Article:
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Author: Srikanth Madihalli

It is a known fact that social structures have been shaped in a way that places labourers and workers at a disadvantage. Many nations, including India have recognised the plight of labourers and employees and have made laws that are specifically dedicated and designed for the labourers, workers and employees in order to ensure the dignity of the working class and employees.

Fast-forward to 2020, a year that has not been kind to humankind. The advent of the COVID-19 disease has brought the entire planet to a standstill. The Indian Government enforced a lockdown in the month of April (The state of Karnataka began closing down educational institutions and certain establishments 2 weeks before the nation-wide lockdown). This had been done to prevent the spread of the Novel Corona virus, the virus responsible for the COVID-19 disease. Such extreme measures were taken due the nature of the virus, which was highly contagious and could spread rapidly. This has pushed and confined people to their homes. The people who have been the worst affected by this lockdown are the migrant workers. This is because they have migrated from their hometowns to large urban metropolises in search of employment, and a better life. This obviously means that they are not based in these large metropolises, but are based in their hometowns. They have temporary accommodations in the cities where they are employed. If we take a closer look at who these migrant workers are, their problems become apparent. In India, specifically, most of these migrant workers are farmers. They work in their farms only during the harvest season in particular, which renders them jobless during the rest of the year. Hence, these farmers, in pursuit of employment come to big cities. This means that their domicile is still their hometowns, and in the cities there are temporary arrangements that house these migrant workers. When the lockdown was enforced, most of the companies and industries were shut down, which left these migrant workers without any work. Normally, these workers would then pack up and head to their hometowns, to reunite with their families. However, this lockdown put a hold on travel and no person was allowed to leave the cities. This left the migrant workers stranded. They were desperate to reunite with their loved ones back at home. With no transport option, many undertook the perilous journey back home, on foot, on the cycle, etc, which took weeks. In this arduous journey, many workers lost their lives, and hence, many families lost their sole breadwinners. Others were literally stranded in the midst of nowhere, until the restrictions were eased.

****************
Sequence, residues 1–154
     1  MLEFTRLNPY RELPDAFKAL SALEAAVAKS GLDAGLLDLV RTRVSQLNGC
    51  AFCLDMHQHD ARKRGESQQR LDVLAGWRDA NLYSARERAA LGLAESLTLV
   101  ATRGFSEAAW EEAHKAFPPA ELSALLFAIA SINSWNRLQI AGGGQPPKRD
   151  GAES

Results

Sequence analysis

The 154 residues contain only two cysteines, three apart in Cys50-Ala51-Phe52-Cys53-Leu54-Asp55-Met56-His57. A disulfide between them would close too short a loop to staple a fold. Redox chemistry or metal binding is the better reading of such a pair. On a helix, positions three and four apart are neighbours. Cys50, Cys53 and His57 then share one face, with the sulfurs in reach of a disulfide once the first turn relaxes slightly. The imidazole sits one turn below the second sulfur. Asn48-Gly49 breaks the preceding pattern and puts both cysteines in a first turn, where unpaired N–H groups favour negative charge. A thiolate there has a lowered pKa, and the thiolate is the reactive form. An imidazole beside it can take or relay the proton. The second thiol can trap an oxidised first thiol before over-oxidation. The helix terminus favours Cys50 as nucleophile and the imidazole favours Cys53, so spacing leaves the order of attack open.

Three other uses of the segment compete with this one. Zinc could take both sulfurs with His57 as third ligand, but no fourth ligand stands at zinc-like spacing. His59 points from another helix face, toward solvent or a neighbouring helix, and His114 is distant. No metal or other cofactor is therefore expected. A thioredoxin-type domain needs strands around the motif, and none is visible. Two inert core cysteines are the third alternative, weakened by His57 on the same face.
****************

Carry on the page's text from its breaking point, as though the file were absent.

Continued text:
The Fundamental Rights, Fundamental Duties and the Directive Principles of State Policies are not in sync with each other and have failed to help the most vulnerable sections of the society in such emergency situations. This is not the first time a question has been raised on the effectiveness of the governance in safeguarding the Fundamental Rights of its subjects as per the constitutional framework. Questions have been raised for decades. To be precise, it started with the Keshavananda Bharati case and was reiterated in the Minerva Mills case where it was held that “Fundamental Rights occupy a unique place in the lives of the civilised societies and have been variously described as transcendental, inalienable and pre-mordial…..Fundamental Rights constitute the soul of the Constitution. Fundamental Rights and Directive Principles of State Policy are two wheels of a chariot and twin formula to achieve social revolution.”